The stock market could experience a correction soon.
Prices already reflect a wallop of government spending and central-bank aid that can’t get much larger from here,
Bank of America
warns. Other market watchers are downbeat as well.
The S&P 500 entered Friday up about 1% year to date, but ended the day with a loss of 0.7%, bringing the year-to-date move to 0.3%. Stocks were down even after President-elect Joe Biden said he wants to spend an additional $1.9 trillion to tide over consumers and businesses until normality returns.
Meanwhile, valuations are high. The equity risk premium—the earnings yield on the average
stock minus the yield on the safe 10-year Treasury note—is roughly 3.2%. The lower the premium, the more richly valued stocks are. Historically, the risk premium rarely dips below 3%, but when it does, it often portends market weakness.
A survey of institutional investors by Bank of America yielded a result of 7.1 on a scale running from deep pessimism at 1 to great bullishness, at 10. The closer the reading moves to 10, the more reason for concern about the market.
At the same time, investors are now holding far less cash than they were just months ago. The need to preserve firepower to buy at lower prices makes them less likely to step into the market to buy on minor dips.
“Post-inauguration correction [is] likely on peak policy,” wrote Michael Hartnett, chief investment strategist at Bank of America, citing “Bubbly liquidity and stimulus checks.”
That cautious view is becoming more widespread on Wall Street. A downward move of roughly 8% in the S&P 500 is in the cards in the near term, Canaccord Genuity’s Chief Market Strategist Tony Dwyer wrote in a note Friday. BlackRock CEO Larry Fink told Barron’s Thursday that while he thinks the market’s foundation remains solid, he expects a 5% to 10% correction in the course of the year.
The pedal driving the economy forward is already to the metal. Bank of America argues. Congress has approved a $900 billion fiscal stimulus bill, and investors already anticipate trillions more. Households have already saved trillions and small businesses are increasingly better positioned to rehire workers when Covid-19 vaccines potentially catalyze state reopenings.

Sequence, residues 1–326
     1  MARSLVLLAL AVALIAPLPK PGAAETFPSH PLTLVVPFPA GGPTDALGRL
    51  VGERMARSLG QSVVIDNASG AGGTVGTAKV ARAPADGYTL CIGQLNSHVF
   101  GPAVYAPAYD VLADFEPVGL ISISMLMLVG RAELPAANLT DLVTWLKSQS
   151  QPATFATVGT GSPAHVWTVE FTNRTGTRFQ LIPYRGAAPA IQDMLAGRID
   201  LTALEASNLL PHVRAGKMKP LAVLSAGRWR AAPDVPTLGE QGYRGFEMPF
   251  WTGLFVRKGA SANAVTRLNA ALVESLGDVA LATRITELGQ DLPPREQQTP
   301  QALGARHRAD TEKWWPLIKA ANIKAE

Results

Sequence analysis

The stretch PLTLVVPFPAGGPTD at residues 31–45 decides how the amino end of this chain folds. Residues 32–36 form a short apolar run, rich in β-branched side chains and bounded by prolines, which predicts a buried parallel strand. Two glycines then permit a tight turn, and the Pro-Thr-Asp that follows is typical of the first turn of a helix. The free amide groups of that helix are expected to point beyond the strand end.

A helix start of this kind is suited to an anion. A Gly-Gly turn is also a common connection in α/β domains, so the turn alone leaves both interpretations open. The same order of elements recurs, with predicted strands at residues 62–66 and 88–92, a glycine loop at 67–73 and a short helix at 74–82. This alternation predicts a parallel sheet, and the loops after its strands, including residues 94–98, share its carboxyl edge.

At the same time, the Federal Reserve has kept interest rates incredibly low, keeping borrowing costs low.
Put simply, the market has gotten as much of a boost from expectations of stimulus as it is likely to get. Prices are reflecting the elevated level of liquidity in the economy, so the near-term upside is limited.
It often takes a catalyst, though, to spur a correction.
Two factors in particular could kick one off. First, rising inflation and interest rates are threats. Rates are still below the expected level of inflation, so fixed-income returns are generally below zero in real terms. That means they haven’t yet become a threat to investors’ hunger for stocks.
“If the 10-year Treasury yield starts moving into the 1.4%, 1.5% range, that’s where you get a little bit concerned,” Brian Price, head of investment management for Commonwealth Financial Network, told Barron’s. The yield is currently at 1.1% and while a move to 1.4% wouldn’t itself be a meaningful threat to stocks, Price noted that too fast a move to that level would make investors nervous that the yield is gaining too much traction.
The biggest risk to 2021 earnings is a negative vaccine surprise. Continued slow distributions of vaccines or worse-than-expected efficacy could slow down reopenings, cutting into the rebound in profits that investors were counting on as they bid up share prices last fall.
A correction could certainly happen. But if the vaccine narrative holds strong, earnings momentum can keep the larger bull market intact.
Write to Jacob Sonenshine at firstname.lastname@example.org